Cosi fan tutte, Royal Opera House, London
The German director Jan Philipp Gloger introduces his take on Cosi fan tutte, now in revival, with a barrage of ideas. A few of these are perceptive, but most are pretentious guff. It’s a nice conceit to describe each of the opera’s quartets as ‘a utopia made audible’, and it’s pertinent to point out that while Fiordiligi ends up loving two men, Dorabella ends up loving the whole world.
But Gloger gets hung up on some modish notions which simply can’t apply to this work. He wants to see it as an essay on ‘self-reinvention’, on ‘an exploration in which we go beyond ourselves by expanding our boundaries’; he sees the four protagonists as representing ‘four genders’, and he’s decided that his Fiordiligi and Dorabella shall see through their boyfriends’ disguises, thus acquiring ‘a greater degree of sovereignty and responsibility’, rather than being condemned to ‘a position of complete dependence’.
All very PC, but the fact is that Mozart and his librettist presented their men and women as equally victimised by circumstances. Moreover, the complex symmetries of the work – sexual, dramatic, and vocal – absolutely don’t need the finicky top-dressing Gloger imposes on them. He correctly sees the work as posing questions about the nature of love, but he refuses to let Mozart’s brilliantly ironical balance between words and music do its job. The whole of the first act is turned into an exercise in meta-theatre, where nobody believes the words they are singing, and where consequently neither do we.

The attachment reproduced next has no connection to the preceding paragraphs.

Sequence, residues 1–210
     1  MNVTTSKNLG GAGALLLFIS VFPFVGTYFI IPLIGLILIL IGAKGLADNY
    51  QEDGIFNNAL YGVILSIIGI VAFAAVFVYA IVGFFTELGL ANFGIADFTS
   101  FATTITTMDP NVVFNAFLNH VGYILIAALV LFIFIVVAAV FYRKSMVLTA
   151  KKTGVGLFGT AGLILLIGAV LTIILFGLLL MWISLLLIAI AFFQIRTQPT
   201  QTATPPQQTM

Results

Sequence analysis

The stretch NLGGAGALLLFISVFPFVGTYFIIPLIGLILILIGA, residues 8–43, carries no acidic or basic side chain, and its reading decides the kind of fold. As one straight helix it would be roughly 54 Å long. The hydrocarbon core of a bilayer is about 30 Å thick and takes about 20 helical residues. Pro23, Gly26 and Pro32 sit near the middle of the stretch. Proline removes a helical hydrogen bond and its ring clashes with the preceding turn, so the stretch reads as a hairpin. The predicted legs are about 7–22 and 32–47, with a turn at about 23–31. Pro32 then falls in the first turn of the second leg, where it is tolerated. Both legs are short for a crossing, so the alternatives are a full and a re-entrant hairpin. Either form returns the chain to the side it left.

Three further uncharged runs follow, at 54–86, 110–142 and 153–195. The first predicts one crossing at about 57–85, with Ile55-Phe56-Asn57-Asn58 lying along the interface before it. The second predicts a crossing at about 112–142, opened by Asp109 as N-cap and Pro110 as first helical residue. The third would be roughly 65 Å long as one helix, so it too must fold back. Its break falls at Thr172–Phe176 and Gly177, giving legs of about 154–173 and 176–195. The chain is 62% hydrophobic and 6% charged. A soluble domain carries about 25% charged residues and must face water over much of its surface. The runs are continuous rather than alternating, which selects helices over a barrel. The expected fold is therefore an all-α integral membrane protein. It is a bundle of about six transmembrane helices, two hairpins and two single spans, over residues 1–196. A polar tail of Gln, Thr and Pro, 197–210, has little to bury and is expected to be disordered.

The plot is broken down into a series of unrelated scenes: the soldiers’ departure takes place on a Brief Encounter station platform, the women meet the now-disguised men in a sleazy bar, and the painful/erotic couplings happen first onstage, then backstage. The protagonists are in modern dress, but Despina’s disguises are straight out of commedia dell’arte; Don Alfonso remains in 18th century garb throughout. One of Ben Baur’s designs is a delight, but for much of the time the visuals are shambolic.
The drama itself only works fitfully, and when it does it’s thanks to some outstanding singer-actors. Gyula Orendt’s Guglielmo is a powerfully-drawn character, while Paolo Fanale’s sweetly-sung Ferrando would charm the birds off the trees. Serena Gamberoni’s Despina plays strenuously to the gallery, but Serena Malfi’s Dorabella provides a gracefully silver-toned foil to Salome Jicia’s gloriously-sung Fiordiligi. Thomas Allen, who has long made the role of Don Alfonso his own, is of course the ideal MC.